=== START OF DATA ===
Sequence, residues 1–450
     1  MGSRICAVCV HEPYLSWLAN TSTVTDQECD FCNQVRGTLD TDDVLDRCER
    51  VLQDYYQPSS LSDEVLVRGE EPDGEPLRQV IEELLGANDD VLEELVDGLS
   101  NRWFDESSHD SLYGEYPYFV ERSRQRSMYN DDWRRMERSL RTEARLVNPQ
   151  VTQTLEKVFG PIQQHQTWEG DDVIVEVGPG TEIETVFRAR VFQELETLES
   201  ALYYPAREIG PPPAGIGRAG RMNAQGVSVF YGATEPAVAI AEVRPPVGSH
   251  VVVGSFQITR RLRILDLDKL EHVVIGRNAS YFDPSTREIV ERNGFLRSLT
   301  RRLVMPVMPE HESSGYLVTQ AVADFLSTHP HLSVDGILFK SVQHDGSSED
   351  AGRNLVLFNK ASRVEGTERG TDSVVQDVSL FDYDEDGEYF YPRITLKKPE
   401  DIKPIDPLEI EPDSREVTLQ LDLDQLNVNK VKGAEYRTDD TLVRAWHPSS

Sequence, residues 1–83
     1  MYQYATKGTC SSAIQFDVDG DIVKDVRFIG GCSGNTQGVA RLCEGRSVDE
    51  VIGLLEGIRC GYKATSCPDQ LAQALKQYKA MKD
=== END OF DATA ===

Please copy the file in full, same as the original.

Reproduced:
Sequence, residues 1–450
     1  MGSRICAVCV HEPYLSWLAN TSTVTDQECD FCNQVRGTLD TDDVLDRCER
    51  VLQDYYQPSS LSDEVLVRGE EPDGEPLRQV IEELLGANDD VLEELVDGLS
   101  NRWFDESSHD SLYGEYPYFV ERSRQRSMYN DDWRRMERSL RTEARLVNPQ
   151  VTQTLEKVFG PIQQHQTWEG DDVIVEVGPG TEIETVFRAR VFQELETLES
   201  ALYYPAREIG PPPAGIGRAG RMNAQGVSVF YGATEPAVAI AEVRPPVGSH
   251  VVVGSFQITR RLRILDLDKL EHVVIGRNAS YFDPSTREIV ERNGFLRSLT
   301  RRLVMPVMPE HESSGYLVTQ AVADFLSTHP HLSVDGILFK SVQHDGSSED
   351  AGRNLVLFNK ASRVEGTERG TDSVVQDVSL FDYDEDGEYF YPRITLKKPE
   401  DIKPIDPLEI EPDSREVTLQ LDLDQLNVNK VKGAEYRTDD TLVRAWHPSS

Sequence, residues 1–83
     1  MYQYATKGTC SSAIQFDVDG DIVKDVRFIG GCSGNTQGVA RLCEGRSVDE
    51  VIGLLEGIRC GYKATSCPDQ LAQALKQYKA MKD